Do you know who prayed this prayer?
“God, we come to you in these moments that we don’t understand, that are hard, because we believe that you’re God and coming to you and praying to you has impact… “If we didn’t believe that prayer didn’t work we wouldn’t ask this of you God. I believe in prayer…we believe in prayer.”
It wasn’t Franklin Graham. Or a popular preacher. Or a televangelist.
It was Dan Orlovsky, an ESPN football analyst, praying for Damar Hamlin, a Buffalo Bills Safety who was in critical condition in University of Cincinnati Medical Center as he lay sedated on a ventilator. For almost a minute Orlovsky closed his eyes, bowed his head and prayed on his live NFL show.
In the outside chance you missed this news, on last week’s Monday Night Football game Damar made in routine football play when he tackled Bengals wide receiver Tee Higgins. Hamlin got up. Then collapsed on the turf, going into cardiac arrest. Without the fast response by the Bill’s medical staff Hamlin would have died on the field.
I didn’t see the game, but watching the reports and video the next day was sobering. An eerie quiet stadium. People crying and praying in the stands. Announcers Joe Buck and Troy Aikman speaking in hushed and solemn tones. Tears streaming down the faces of rugged 300 pound linemen.
Following Hamlin being taken off the filed in an ambulance, the NFL postponed the game, and later cancelled it all together. This never happens. Before leaving the field, players from both teams huddled together and prayed.
Thankfully, Hamlin is on the road to recovery and has returned home to Buffalo.
However, for several days it seemed America was united in prayer and piety. Discussions occurred on many news and talk shows about the “power of prayer,” the fragile nature of life, and the comfort of faith.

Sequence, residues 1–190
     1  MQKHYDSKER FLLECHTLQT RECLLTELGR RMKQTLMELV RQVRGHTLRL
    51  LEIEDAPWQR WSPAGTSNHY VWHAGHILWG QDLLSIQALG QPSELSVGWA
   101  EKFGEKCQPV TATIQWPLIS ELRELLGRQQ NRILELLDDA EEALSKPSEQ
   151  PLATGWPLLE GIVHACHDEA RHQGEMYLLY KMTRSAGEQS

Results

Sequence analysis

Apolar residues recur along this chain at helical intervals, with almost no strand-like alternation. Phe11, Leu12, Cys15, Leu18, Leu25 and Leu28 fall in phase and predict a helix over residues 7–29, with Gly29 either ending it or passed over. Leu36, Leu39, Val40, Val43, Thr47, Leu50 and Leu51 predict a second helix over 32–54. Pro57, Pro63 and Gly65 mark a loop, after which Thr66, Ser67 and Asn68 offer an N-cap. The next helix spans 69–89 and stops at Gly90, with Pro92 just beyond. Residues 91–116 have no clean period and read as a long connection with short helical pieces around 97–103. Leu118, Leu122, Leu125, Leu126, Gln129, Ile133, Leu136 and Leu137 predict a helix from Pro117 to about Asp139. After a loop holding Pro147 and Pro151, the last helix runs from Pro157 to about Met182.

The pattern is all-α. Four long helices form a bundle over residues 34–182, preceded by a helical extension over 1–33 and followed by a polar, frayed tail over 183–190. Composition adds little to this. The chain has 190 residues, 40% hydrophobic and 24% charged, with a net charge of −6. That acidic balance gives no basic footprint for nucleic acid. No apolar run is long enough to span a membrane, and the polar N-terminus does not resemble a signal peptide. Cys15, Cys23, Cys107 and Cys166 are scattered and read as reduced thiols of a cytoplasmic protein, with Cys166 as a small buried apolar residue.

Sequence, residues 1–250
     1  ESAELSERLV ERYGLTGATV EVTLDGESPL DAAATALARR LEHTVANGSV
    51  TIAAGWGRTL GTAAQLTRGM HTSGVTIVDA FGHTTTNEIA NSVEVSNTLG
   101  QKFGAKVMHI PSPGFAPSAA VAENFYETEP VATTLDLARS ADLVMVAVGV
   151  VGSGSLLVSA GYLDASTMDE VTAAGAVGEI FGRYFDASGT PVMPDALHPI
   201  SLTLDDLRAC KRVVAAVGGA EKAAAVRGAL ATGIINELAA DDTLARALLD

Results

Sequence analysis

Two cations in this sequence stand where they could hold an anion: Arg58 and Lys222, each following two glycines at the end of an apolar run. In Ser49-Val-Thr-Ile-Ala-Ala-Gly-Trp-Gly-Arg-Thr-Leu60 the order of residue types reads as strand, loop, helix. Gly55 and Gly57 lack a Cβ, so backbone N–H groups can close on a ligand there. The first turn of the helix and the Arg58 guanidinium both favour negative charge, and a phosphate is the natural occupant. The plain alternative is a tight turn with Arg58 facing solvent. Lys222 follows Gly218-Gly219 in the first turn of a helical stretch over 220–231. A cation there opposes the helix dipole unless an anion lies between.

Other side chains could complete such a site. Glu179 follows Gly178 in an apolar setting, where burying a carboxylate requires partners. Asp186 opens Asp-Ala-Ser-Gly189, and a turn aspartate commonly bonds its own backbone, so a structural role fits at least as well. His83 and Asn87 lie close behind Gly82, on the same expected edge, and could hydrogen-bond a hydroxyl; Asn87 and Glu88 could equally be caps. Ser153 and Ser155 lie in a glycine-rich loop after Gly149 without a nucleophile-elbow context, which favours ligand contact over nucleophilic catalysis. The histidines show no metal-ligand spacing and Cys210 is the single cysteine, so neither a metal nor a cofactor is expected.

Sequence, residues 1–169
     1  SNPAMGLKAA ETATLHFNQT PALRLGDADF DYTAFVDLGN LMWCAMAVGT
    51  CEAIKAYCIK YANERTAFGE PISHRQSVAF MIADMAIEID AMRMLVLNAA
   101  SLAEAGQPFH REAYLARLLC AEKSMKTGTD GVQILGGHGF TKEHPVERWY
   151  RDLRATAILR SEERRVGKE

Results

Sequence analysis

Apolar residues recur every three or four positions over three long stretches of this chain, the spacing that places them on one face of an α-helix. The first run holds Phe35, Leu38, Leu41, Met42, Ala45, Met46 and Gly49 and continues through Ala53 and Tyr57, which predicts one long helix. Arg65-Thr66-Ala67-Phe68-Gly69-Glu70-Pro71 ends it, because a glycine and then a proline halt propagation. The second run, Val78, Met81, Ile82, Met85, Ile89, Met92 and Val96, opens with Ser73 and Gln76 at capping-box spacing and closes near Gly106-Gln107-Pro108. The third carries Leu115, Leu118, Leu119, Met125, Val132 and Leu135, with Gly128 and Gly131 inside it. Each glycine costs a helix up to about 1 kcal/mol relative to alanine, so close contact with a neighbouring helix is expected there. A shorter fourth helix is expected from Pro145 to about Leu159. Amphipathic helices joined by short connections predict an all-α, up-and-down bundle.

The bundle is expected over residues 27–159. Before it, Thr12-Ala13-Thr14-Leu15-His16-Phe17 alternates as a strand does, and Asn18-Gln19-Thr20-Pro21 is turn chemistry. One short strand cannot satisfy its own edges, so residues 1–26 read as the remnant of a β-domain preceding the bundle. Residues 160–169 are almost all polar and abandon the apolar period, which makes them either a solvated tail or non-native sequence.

In a conversation with CNN’s Anderson Cooper, Benjamin Watson, a Super Bowl winning tight end for the New England Patriots and New Orleans Saints, offered this thought provoking insight. “Life can change in the blink of an eye. Damar’s injury has made us all wrestle with this truth. It has served as a reminder of our own mortality. While we pray for him as he fights for his life, we must ask ourselves where will we spend eternity?”
It is ironic, that in an ever-increasing secular society, there was such a universal outpouring, often from unlikely sources, of prayers and expressions of faith.
Because there is still a religious feeling and fervor buried deep in the hearts of most Americans. In times of tragedy, when we feel helpless and hopeless, frightened and feeble, we turn to God. It reminds us that the answer to America’s polarized and divisive state is not found in social programs or political solutions, but in Faith and God’s healing power.
Occasions like this reveal the truth of Blaise Pascal’s observation: “There is a God-shaped vacuum in the heart of each man which cannot be satisfied by any created thing but only by God the Creator, made known through Jesus Christ.”
It also underscores an old military aphorism, “There are no atheists in foxholes.” In other words, in times of extreme stress, deep fear, and sudden tragedy, people turn for comfort and seek solace in a Higher Power.
Furthermore, it’s important to remember that we ought “to pray without ceasing,” (1 Thess. 5:17). Not just when we face a crisis, or tragedy strikes.
Finally, this a good time before we leave the emotions of this event, to realize we need God every day. Every hour. And not just in times of crisis. America would do well to hear and heed God’s plea to Solomon and ancient Israel.
“If My people who are called by My name will humble themselves, and pray and seek My face, and turn from their wicked ways, then I will hear from heaven, and will forgive their sin and heal their land” (2 Chron 7:14).
–Ken Weliever, The Preacherman
2 responses to “Public Prayer and Piety When Facing a Crisis”
Ken, I shared your blog on my FB page. It’s so true, prayer should be something we do each day not just during a crisis or tragedy.
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